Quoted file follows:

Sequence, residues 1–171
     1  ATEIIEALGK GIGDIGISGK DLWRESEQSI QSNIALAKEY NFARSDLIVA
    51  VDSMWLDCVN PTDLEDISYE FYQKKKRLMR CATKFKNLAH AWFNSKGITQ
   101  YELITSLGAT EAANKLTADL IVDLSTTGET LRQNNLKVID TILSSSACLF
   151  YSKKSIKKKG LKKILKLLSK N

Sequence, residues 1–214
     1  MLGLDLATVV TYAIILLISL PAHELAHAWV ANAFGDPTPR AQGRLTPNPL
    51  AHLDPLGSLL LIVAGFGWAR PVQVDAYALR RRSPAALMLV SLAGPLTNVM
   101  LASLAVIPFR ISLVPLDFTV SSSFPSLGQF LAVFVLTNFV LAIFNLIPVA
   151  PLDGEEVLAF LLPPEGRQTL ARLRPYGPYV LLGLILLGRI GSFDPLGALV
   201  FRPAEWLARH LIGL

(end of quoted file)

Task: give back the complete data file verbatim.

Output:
Sequence, residues 1–171
     1  ATEIIEALGK GIGDIGISGK DLWRESEQSI QSNIALAKEY NFARSDLIVA
    51  VDSMWLDCVN PTDLEDISYE FYQKKKRLMR CATKFKNLAH AWFNSKGITQ
   101  YELITSLGAT EAANKLTADL IVDLSTTGET LRQNNLKVID TILSSSACLF
   151  YSKKSIKKKG LKKILKLLSK N

Sequence, residues 1–214
     1  MLGLDLATVV TYAIILLISL PAHELAHAWV ANAFGDPTPR AQGRLTPNPL
    51  AHLDPLGSLL LIVAGFGWAR PVQVDAYALR RRSPAALMLV SLAGPLTNVM
   101  LASLAVIPFR ISLVPLDFTV SSSFPSLGQF LAVFVLTNFV LAIFNLIPVA
   151  PLDGEEVLAF LLPPEGRQTL ARLRPYGPYV LLGLILLGRI GSFDPLGALV
   201  FRPAEWLARH LIGL